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Epistula | 5 Minutes

Get on the Bus?

Written by Ty Fischer
Get on the Bus?

Recently, my school purchased its first vehicle. It is a 24-seat bus, a small bus that is great for running our students to sports games or on some field trips. When you purchase a vehicle as an organization, you learn a lot. Who can drive? What insurance do we need? What kind of license plate do we need? When I got to look at our new license plate, my heart actually jumped. There is a class of busses in Pennsylvania that is called an Omnibus and by accident, we had purchased one. The license plate says “Omnibus” on it. How cool! We get kids on the Omnibus many days, but this oddity points to an even greater effort in classical Christians schools and homeschools all over the country. We have been getting kids onto the real Omnibus for 20 years now. 

The Omnibus is a course of reading through the Great Books that is built to support work throughout middle school and high school. I was the Managing Editor of the project which took about a decade to create. But why spend so much time and effort on this project and the work that it takes to actually teach Omnibus in schools? Why get on the (Omni)bus? 

We love the impact that reading and discussing the Great Books has on the students of our school, but loving the impact is not enough. We need to understand the impacts and why the Great Books, in particular, have these in effects. Why get on the bus? You should read the Great Books because of their powers of formation, their ability to support self-understanding, and the foundation that they provide for all learning.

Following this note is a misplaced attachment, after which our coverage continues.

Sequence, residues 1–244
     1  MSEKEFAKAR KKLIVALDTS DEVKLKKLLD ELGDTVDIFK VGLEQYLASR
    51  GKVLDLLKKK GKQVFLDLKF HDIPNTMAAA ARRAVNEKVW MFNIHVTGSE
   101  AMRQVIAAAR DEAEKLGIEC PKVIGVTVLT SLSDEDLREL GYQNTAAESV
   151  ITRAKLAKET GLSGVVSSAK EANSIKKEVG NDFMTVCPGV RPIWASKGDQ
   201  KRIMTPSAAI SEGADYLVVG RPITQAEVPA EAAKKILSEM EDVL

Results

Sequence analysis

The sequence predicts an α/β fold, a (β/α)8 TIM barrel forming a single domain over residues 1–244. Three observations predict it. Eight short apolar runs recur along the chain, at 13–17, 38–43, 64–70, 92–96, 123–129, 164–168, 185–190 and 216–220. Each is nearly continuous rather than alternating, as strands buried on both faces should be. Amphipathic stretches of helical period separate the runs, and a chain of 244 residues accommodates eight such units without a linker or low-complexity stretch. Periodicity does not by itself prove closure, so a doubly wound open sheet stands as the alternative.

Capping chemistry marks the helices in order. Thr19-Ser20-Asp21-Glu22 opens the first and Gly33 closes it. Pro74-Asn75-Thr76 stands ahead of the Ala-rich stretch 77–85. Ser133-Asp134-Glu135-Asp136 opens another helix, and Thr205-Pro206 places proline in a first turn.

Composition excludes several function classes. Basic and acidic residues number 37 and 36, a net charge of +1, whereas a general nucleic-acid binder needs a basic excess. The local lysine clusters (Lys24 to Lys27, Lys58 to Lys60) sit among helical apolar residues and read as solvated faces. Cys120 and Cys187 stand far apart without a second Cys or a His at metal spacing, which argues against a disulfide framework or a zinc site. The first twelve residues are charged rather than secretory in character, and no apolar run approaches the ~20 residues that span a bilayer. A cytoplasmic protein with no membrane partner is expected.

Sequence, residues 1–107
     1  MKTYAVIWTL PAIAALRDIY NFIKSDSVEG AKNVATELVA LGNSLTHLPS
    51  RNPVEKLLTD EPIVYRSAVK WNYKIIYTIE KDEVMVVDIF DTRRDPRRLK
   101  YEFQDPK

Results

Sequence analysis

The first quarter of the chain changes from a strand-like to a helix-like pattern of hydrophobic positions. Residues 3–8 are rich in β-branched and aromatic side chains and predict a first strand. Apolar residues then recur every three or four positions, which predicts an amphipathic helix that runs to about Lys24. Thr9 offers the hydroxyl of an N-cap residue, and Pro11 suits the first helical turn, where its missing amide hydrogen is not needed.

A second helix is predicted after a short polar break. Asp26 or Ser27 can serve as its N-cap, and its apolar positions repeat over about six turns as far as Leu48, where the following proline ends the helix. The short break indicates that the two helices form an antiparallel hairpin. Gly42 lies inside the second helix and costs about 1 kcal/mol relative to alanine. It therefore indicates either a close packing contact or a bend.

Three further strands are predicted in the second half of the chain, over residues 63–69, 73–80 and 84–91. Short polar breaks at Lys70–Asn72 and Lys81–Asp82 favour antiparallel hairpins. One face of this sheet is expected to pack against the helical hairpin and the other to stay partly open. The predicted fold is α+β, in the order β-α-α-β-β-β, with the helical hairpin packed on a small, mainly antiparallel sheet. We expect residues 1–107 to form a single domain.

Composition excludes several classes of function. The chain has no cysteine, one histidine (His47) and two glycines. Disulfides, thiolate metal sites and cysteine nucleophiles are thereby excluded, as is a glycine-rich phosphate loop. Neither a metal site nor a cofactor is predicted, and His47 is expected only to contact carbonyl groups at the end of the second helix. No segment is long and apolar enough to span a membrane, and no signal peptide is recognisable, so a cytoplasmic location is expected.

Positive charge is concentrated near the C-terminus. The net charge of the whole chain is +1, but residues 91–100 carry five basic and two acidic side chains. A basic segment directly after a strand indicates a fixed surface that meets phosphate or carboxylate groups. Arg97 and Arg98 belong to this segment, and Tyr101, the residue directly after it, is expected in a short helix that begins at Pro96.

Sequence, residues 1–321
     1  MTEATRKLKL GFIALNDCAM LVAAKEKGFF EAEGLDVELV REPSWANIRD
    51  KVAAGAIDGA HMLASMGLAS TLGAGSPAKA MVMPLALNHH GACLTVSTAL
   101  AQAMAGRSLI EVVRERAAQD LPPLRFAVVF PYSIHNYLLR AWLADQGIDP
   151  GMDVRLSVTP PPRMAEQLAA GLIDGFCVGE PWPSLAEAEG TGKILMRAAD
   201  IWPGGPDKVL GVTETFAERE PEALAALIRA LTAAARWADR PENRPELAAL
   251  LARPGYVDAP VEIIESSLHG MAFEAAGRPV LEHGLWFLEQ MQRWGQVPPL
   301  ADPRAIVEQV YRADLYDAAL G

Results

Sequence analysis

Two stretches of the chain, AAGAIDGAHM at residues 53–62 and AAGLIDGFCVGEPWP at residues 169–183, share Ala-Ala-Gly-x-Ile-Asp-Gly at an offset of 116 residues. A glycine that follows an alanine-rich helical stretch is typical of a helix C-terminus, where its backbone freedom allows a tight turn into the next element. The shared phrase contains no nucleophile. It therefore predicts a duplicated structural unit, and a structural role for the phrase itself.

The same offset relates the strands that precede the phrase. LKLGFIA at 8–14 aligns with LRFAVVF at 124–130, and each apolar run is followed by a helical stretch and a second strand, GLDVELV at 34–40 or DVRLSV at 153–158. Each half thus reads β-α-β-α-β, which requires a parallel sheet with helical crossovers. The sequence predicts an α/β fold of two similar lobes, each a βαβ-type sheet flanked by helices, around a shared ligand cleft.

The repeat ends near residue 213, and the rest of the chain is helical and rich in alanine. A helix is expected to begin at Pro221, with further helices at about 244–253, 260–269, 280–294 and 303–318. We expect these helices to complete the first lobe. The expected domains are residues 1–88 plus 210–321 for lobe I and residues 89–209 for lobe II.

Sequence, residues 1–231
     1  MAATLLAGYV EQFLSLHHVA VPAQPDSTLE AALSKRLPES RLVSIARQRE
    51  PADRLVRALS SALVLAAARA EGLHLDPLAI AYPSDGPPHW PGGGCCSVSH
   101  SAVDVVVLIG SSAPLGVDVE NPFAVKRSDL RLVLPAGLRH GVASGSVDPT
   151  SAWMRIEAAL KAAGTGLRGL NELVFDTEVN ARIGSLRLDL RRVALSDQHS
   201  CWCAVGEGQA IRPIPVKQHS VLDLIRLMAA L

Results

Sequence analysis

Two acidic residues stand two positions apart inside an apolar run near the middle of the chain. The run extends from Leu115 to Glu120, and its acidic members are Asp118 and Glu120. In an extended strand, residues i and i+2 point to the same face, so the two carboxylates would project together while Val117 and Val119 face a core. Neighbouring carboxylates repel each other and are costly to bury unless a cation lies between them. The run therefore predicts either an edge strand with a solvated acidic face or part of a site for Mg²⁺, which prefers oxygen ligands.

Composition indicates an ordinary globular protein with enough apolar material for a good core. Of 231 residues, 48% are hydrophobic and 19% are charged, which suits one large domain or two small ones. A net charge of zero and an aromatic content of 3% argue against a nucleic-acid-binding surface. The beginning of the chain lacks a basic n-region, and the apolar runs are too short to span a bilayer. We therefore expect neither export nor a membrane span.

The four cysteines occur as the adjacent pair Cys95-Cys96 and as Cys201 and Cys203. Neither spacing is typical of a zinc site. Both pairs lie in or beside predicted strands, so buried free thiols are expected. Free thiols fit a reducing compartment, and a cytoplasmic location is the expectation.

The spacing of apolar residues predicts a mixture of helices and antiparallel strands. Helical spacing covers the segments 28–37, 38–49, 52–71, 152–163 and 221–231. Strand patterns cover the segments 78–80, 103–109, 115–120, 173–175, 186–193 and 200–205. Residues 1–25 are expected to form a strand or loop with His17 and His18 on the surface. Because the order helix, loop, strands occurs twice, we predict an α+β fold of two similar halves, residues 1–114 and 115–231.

You can’t be unformed, so you might as well understand what is forming you. If you are reading this Epistula, you are being shaped by the forces unleashed by the Great Books. You have been impacted by Western Civilization. Before we move on, note that all of those impacts are not positive. Forces like individualism that resulted from them, are not unmitigated blessings as the current rates of suicide and despair teach us. When you are being formed by something, it is best to understand what it is and why it’s there. Reading the Great Books is the best way to understand why the West chose to form people that believe in (or should believe in) concepts like the rule of law and the sanctity and dignity of human life. Know what’s forming you and the people around you. 

As a brief aside, even if you are not from the West (where many of Great Books originated) you still need to know the good and bad that has come from the West because it is underlies the current global society. The impact of the Great Books and the culture they have built flows out into most of the planet now.